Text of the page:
How Women Might Handle The Debt Crisis
By Guest Blogger Maria Broschi
Standard & Poor has downgraded our country’s credit rating to below that of what was once a fantastic AAA, the lowest credit rating since 1917. Add to that a national deficit of $14, 599,087,801,606.52 (yes, you read that correctly–and the debt is still growing) and a U.S. joblessness rate of 9.2 %, translatable to approximately 14,101,000 unemployed persons, and you have a recipe for disaster.
Consider the impact fiscal irresponsibility has on a nation whose government continues to engage in mismanaged, out-of-control spending and a refusal to invest in infrastructure and continued engagement of a non-balanced, bi-partisan leadership. No doubt I’m preaching to the American People’s choir at this point. And the choir is disgusted.
So, what then would a possible solution be for the continued conundrum that is the national debt? One such proposal as put forth by our government is that of the creation of a deficit “super committee”. Sounds great, doesn’t it? There’s just one problem: out of all 12 members of this committee, only one is a woman.
I have no doubt that Patty Murray, a well respected and senior Appropriations Committee member, will do her utmost to try to swing the scales favorably toward the U.S.’ economic recovery. However, more balanced and representative female leadership is needed if our country is to truly regain its economic momentum. Furthermore, the U.S. needs stronger female leadership which is representative of ALL Americans, not just the plutocratic few in order to move our country forward toward greater economic growth and stability.
To wit, let me use some examples of current female leaders who have greatly changed their country’s geopolitical and economic maps: German Chancellor Angela Merkel: headed the G8 Summit; introduced job-sharing scheme, strengthened political ties with the U.S.; Irish President Mary McAleese: bridged divides in sectarian violence, signed into law the National Asset Management Agency designed to improve Irish credit; Finnish President Tarja Halonen, promoted human rights and strongly influenced social security legislation; Indian President Pratibha Patil has adopted an anti-corruption agenda. There are more female world leaders whose names and traits I could not list due to time constraints. However, one recurring theme that presented itself throughout my research of the aforementioned leaders’ political records was that of social justice and its link to economic growth and stability. And that, my friends, is the key difference between male and female leadership. And this is why more women need to be included in the political decision-making process, especially when it comes to handling this country’s debt crisis.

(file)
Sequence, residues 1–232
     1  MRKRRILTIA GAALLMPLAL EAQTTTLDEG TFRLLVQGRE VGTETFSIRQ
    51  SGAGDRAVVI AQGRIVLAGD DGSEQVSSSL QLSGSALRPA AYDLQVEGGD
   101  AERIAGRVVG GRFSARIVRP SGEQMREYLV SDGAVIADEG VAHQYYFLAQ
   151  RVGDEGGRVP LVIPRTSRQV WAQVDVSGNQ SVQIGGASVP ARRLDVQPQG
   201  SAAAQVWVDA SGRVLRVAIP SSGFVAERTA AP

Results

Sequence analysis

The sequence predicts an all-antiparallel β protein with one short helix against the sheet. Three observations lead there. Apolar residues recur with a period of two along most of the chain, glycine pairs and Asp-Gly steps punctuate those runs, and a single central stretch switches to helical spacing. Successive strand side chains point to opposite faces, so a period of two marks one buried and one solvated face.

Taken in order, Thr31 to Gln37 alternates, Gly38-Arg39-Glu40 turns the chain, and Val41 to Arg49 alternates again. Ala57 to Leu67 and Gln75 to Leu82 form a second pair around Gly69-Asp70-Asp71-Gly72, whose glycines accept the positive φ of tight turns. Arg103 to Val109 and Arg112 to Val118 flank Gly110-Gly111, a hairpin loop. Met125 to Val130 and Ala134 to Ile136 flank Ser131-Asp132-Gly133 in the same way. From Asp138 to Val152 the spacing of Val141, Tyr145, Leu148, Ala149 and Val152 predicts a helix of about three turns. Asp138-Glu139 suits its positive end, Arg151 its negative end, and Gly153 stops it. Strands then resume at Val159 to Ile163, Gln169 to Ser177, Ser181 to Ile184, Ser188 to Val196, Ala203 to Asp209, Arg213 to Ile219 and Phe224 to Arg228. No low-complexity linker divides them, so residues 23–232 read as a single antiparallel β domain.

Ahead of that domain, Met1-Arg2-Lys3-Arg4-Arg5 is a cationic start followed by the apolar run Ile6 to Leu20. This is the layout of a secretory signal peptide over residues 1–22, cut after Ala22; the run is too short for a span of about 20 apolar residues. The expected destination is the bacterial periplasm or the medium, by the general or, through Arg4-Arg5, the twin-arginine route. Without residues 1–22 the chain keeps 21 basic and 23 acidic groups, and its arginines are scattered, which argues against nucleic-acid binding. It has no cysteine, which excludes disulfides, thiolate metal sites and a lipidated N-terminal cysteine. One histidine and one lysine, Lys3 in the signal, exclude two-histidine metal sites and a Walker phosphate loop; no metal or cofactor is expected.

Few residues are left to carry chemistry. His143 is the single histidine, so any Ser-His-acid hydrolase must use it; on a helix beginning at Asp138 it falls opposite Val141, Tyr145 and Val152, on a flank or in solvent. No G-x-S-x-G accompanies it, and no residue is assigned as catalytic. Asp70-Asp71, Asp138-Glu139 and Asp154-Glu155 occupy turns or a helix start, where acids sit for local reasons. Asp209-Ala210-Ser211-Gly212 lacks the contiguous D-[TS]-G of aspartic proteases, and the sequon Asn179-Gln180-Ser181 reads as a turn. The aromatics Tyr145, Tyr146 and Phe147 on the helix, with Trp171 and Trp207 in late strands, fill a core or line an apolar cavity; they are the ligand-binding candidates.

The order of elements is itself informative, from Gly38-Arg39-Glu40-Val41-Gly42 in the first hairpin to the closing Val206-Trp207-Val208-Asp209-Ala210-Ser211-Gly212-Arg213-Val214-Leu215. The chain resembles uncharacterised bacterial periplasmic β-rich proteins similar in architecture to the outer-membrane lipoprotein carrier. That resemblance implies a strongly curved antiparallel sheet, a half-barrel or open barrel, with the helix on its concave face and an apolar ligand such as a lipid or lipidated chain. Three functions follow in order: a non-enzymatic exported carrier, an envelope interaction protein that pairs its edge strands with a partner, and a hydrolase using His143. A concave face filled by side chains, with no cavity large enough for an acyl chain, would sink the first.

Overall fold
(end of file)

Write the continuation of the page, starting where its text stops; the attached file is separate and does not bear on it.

The topic of social justice hasn’t been a key focal point in much of American politics; rather, it’s been swept under the carpet as an unpleasant “aside”. And unless issues such as economic inequality, which includes access to goods and services as well as access to social services are addressed we will see an even greater economic divide between rich and poor in the United States. We’ve only to witness recent history to see that this is true.
The time for strong female leadership in handling our country’s debt crisis is long overdue. Do we really need to wait until America is thoroughly throttled politically and economically to see this happen? It’s time America looks through a female pair of lenses for a change.
Maria Broschi was born in Burlington, Vermont. She is a USAF veteran, having served in Operations Allied Force, Enduring Freedom, Iraqi Freedom, and the Global War on Terrorism. In addition, she has served in Ethiopia as a Peace Corps volunteer from 2007-2009 and has lived and traveled to various places such as Vermont, Utah, Virginia, UAE, Qatar, Oman, Crete, France, Germany, Austria, and Ethiopia. She is a published co-author of 3 publications related to Department of Defense Architecture Framework (DoDAF). She currently resides in the Capitol Hill section of Washington, DC. Follow Maria on Twitter http://twitter.com/#!/MSBroschi
This entry was posted on Friday, August 19th, 2011 at 11:05 and is filed under General. You can follow any responses to this entry through the RSS 2.0 feed. You can leave a response, or trackback from your own site.